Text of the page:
The addition of much-loved comedians, entertainers and athletes to the category of the ‘memorialisable’ does seem to be an opening up of that category, at least in comparison with the civic, military or political leaders which seemed to fill it in the past. While those statues might have been imposed on local populations without much consultation, contemporary monuments seem more likely to need to emerge from a prolonged and complex negotiation with various courts of public and aesthetic opinion. The creation of this particular statue seems to reveal the risks of this ‘democratisation’. On the plus side, money was raised through a crowd-funding campaign from local residents and fans instigated by Victoria’s brother and biographer, Chris Foote-Wood and finally co-ordinated and managed by Bury Council and her estate. More contentiously, an initial public vote on the design of the statue came down in favour of a depiction of Wood as the character of Bren from the sitcom dinnerladies, which proved controversial. When the eventual design – actually depicting Wood in a more iconic ‘stand-up’ mode - emerged, it was also subject to extensive scrutiny and critique, including through social media. It was notable that the speeches in the ceremony on Friday did not shy away from this controversy, with Wood’s brother being firm in his assertion that the family approved of the depiction and with Cllr Rishi Shori giving a thoughtful defence of the skill and craft of the sculptor, as well as a reflection on the difficulty of capturing a universally appreciated essence of a person who everyone feels they know through decades-long appearances on their front room TV screens. This is a theme I’d be keen to explore further as it points up some interesting tensions between an assumed limit of ‘popular taste’, linked to an apparent preference for ‘real’ depictions and the potential of monuments and public art in general to re-imagine and re-interpret its subjects and representations. The familiarity of fans and audiences, through TV or film, make this a challenge that contemporary sculptors of subjects from the ‘broadcast-era' might face that their predecessors did not.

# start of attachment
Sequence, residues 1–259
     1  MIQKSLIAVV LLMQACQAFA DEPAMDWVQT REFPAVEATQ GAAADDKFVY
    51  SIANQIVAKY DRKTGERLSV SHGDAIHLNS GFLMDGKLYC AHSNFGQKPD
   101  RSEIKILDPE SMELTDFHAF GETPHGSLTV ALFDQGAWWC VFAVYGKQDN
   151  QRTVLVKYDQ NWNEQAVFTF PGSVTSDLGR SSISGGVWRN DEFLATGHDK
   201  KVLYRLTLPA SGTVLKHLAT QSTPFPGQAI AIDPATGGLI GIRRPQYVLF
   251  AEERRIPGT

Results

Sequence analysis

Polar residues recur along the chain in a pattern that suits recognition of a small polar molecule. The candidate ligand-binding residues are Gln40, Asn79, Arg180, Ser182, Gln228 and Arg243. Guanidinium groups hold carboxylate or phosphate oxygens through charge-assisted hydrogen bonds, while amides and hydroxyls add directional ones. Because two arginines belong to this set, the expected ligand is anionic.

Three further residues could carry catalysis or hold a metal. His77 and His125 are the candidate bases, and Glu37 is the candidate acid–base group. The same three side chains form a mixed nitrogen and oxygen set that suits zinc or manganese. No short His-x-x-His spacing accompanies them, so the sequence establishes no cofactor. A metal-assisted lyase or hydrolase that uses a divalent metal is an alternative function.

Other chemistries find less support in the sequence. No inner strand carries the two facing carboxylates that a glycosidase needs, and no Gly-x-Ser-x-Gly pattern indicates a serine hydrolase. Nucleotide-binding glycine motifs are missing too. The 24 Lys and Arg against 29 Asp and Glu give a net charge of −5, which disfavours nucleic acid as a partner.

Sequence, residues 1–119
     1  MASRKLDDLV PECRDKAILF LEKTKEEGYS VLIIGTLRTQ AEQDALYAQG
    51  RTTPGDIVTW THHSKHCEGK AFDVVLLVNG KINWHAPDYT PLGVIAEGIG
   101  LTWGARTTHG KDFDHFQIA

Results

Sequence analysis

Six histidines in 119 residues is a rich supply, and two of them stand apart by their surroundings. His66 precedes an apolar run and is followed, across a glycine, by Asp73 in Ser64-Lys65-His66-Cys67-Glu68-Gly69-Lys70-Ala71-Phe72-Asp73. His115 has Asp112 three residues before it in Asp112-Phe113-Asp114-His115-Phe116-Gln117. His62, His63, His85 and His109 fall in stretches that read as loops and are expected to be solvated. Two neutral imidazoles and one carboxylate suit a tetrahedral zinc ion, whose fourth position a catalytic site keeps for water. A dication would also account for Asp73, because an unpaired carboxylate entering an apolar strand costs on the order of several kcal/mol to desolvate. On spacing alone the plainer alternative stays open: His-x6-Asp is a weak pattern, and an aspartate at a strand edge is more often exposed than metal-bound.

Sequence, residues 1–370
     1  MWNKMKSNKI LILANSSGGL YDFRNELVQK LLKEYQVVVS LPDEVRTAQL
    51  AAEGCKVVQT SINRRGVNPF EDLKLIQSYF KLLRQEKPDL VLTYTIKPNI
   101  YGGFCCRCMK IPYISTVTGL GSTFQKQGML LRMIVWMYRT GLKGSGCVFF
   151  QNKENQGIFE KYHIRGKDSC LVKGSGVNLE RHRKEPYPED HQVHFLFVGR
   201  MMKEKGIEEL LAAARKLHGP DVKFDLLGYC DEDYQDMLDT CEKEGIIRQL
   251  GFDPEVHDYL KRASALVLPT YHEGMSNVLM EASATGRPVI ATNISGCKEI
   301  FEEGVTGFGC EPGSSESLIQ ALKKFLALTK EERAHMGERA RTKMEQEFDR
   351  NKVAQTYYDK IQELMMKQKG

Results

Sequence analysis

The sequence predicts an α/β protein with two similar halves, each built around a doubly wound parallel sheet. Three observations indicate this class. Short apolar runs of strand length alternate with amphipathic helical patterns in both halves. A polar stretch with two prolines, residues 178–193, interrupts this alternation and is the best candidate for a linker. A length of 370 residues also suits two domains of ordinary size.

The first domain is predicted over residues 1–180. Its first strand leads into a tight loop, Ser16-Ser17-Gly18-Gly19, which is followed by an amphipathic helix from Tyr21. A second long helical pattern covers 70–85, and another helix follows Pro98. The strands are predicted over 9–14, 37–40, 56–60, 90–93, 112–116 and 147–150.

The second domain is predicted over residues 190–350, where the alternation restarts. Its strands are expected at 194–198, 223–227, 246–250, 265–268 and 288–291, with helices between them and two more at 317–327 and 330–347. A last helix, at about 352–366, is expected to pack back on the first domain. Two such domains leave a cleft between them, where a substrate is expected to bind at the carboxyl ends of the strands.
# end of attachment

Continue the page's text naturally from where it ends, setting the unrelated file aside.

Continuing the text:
It remains to be seen the extent to which this new statue is adopted and lived with by Bury residents – and it would be interesting to follow up on that in the project. Judging by the warmth of the response on Friday, though, I’d be optimistic that it will become as well loved as its subject.

In October 2017, CMPS undertook a values exercise with students and staff all together in the same room. Please be reminded of the outcomes of that exercise here. We brainstormed, we discussed and we agreed on a core set of Values for the Centre for Cultural & Media Policy Studies. In part, this was because, as the new Centre Director I wanted to get a sense of what students felt about being with us, what they expected of each other and of staff, and what we as colleagues hoped our students valued most. We said then that values, valuing and evaluation are not only becoming more important but that they are tricky to articulate, measure and appreciate unless spoken about and remembered on a daily basis. It was also because we all felt that such an exercise was not only long overdue at the Centre, but at all universities.

So, I take this opportunity in the light of the Vice Chancellor's and the University of Warwick's recent statement expressing deeper commitment to values of equality, dignity and respect, to remind you of the Centre's values, articulated in 2017, that we stand by today and into the future:

1) FRIENDSHIP & TOLERANCE

2) DIALOGUE & SELF-EXPRESSION

3) INTEGRITY & RESPONSIBILITY